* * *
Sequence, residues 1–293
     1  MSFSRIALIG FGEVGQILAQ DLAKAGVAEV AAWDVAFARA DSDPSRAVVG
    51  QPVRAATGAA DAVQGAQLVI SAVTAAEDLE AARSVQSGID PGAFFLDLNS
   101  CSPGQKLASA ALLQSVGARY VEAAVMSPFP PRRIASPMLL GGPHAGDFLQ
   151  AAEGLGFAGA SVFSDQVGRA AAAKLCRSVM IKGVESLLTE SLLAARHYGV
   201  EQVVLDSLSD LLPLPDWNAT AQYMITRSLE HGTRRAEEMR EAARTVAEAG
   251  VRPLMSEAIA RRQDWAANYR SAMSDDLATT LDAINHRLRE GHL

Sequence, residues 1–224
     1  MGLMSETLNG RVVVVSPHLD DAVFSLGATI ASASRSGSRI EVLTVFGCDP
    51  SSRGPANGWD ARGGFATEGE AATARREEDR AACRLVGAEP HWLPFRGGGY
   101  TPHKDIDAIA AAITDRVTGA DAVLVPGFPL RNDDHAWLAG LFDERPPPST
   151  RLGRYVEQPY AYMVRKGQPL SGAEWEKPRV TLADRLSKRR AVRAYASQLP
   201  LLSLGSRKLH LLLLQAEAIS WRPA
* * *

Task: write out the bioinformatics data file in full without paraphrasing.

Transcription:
Sequence, residues 1–293
     1  MSFSRIALIG FGEVGQILAQ DLAKAGVAEV AAWDVAFARA DSDPSRAVVG
    51  QPVRAATGAA DAVQGAQLVI SAVTAAEDLE AARSVQSGID PGAFFLDLNS
   101  CSPGQKLASA ALLQSVGARY VEAAVMSPFP PRRIASPMLL GGPHAGDFLQ
   151  AAEGLGFAGA SVFSDQVGRA AAAKLCRSVM IKGVESLLTE SLLAARHYGV
   201  EQVVLDSLSD LLPLPDWNAT AQYMITRSLE HGTRRAEEMR EAARTVAEAG
   251  VRPLMSEAIA RRQDWAANYR SAMSDDLATT LDAINHRLRE GHL

Sequence, residues 1–224
     1  MGLMSETLNG RVVVVSPHLD DAVFSLGATI ASASRSGSRI EVLTVFGCDP
    51  SSRGPANGWD ARGGFATEGE AATARREEDR AACRLVGAEP HWLPFRGGGY
   101  TPHKDIDAIA AAITDRVTGA DAVLVPGFPL RNDDHAWLAG LFDERPPPST
   151  RLGRYVEQPY AYMVRKGQPL SGAEWEKPRV TLADRLSKRR AVRAYASQLP
   201  LLSLGSRKLH LLLLQAEAIS WRPA